Helping others to understand coding

Programming is hard. However, teaching programming is even harder. This blog post will show you various methods to make programming and computers more accessible for people who want to understand tech from a less theoretical angle. My experience with this topic stems from both Rails Girls Berlin workshops as well as various classes I’ve taught at university. While some of the links I’m including are aimed at children, I’m also using those methods for adults – because learning should be fun and you’re never too old to play. It just depends a bit on how you frame it.

As Rails Girls Berlin organizes workshops mainly for beginners, we want to highlight the creative part of (sharing) tech knowledge. It can be as simple as telling a story: To point out how thinking outside the box can kickstart innovation, we talk about an early programmer and how they approached it. But it could also be a story about how you yourself use code to do something that matters to you.

Story telling

Once upon a time, there was a girl. Her mother was a mathematician and her father was a poet. After a while, her mother got frustrated with the fathers artsy lifestyle and kicked him out, deciding that her daughter should only be involved with math and science, never with the arts. So the girl grew up to be a brilliant mathematician and scientist, but she always felt like there was something missing. One day, in her diary, she wrote:

„If you can’t give me poetry, can you give me poetical science?“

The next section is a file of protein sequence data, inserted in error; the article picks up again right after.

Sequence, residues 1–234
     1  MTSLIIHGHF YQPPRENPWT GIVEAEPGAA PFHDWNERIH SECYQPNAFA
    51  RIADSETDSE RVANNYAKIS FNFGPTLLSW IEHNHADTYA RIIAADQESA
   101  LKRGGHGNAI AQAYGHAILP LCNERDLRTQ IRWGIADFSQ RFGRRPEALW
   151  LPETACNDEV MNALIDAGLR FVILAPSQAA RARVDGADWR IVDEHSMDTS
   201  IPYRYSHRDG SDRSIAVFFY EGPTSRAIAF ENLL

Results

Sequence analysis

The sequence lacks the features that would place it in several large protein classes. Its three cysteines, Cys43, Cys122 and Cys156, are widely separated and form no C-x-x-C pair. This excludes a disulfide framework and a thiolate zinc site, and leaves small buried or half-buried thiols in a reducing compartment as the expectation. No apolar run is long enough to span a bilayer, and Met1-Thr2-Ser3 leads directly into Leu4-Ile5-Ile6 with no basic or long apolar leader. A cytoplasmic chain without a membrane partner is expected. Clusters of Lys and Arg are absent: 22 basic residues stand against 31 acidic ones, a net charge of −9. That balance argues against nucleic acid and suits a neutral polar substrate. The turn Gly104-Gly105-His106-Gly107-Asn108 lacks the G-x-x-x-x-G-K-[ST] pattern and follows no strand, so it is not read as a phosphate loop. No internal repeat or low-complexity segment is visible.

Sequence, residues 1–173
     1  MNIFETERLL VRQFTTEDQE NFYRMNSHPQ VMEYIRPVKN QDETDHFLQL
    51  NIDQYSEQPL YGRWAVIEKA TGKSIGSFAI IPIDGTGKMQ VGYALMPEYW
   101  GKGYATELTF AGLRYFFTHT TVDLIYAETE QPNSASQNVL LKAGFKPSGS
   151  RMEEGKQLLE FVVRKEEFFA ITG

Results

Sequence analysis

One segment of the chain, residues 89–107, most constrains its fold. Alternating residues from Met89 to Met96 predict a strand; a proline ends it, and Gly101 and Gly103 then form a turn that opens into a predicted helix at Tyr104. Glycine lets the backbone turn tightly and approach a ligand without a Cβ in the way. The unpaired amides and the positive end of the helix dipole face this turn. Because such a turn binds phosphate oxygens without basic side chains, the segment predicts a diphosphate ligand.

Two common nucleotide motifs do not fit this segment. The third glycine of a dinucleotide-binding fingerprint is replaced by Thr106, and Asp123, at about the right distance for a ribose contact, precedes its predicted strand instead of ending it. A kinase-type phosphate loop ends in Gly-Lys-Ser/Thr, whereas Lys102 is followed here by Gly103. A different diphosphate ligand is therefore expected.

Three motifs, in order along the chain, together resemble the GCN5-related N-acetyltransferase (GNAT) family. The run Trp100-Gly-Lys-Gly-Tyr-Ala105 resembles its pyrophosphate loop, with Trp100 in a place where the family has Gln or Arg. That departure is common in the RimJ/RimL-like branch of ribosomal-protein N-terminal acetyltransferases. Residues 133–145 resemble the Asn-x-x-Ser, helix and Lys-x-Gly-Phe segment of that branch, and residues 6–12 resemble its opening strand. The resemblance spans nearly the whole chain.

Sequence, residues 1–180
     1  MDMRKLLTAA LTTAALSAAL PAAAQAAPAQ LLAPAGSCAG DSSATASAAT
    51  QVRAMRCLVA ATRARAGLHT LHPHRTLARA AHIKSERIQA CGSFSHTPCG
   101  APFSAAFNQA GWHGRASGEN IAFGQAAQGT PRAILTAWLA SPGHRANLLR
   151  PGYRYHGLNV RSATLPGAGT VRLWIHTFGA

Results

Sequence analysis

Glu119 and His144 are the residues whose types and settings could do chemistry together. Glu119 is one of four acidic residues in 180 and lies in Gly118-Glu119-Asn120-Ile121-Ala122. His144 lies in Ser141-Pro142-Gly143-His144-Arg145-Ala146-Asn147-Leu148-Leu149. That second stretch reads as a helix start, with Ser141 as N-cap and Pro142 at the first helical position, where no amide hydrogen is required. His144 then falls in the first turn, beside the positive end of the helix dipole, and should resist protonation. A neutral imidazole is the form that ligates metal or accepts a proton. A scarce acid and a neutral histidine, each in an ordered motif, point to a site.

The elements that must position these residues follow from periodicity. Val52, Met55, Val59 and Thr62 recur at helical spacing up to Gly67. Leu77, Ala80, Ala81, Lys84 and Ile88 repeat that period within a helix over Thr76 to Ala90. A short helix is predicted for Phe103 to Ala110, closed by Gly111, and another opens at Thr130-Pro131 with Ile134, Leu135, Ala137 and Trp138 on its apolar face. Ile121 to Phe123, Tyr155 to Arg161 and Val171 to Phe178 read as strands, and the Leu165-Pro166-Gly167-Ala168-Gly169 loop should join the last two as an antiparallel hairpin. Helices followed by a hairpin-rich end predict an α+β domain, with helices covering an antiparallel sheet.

In 1835, she met an old man with an idea. He wanted to build a mechanical all-purpose computer, called Analytical Engine. It was inspired by the Jacquard loom, a machine that could quickly manufacture textiles. Our young woman was hooked. She expanded upon the scientific papers about the Analytical Engine and also translated them into other languages. True to her perspective, she noted:

„We may say most aptly that the Analytical Engine weaves algebraical patterns just as the Jacquard loom weaves flowers and leaves.“

Her name was Ada Lovelace and she is considered the first programmer in history.

Tangibility

How do you explain what coding entails? We’ve already pointed out the creative part within story-telling, but it’s also about being very exact, right? Beginners get frustrated when they miss punctuation marks or words of which the purpose is yet unclear. Additionally, coding is also about thinking in small algorithms/steps, adding them together to get a proper result.

One of my favorite ways to turn this into an experience detached from the computer is to turn myself into a human computer and ask learners to give me instructions on how to make a cheese sandwich. I actually lay out a bread knife, cheese knife, butter knife as well as bread, butter and cheese on a table in front of me. Depending on group size and age / previous knowledge, I ask people to give me single instructions – one instruction per person, one after the other – in order to make a sandwich. Trust me, every single instruction will be easy to misinterpret: „Take the knife“ will lead to a „Can’t find knife“ because there are three different ones. „Take the bread knife“ will lead to me (carefully) grabbing it by the wrong end because it was not specified where to grab it. I adapted this idea from a Computer Science lecture at Harvard but there are also other great examples.

Thus, we’ve created a memorable situation that was fun yet a teaching moment. It’s something you can reference whenever someone runs into those punctuation-mark-type of mistakes. And it gives your learners something very tangible that they, too, can use now.

Avoiding Jargon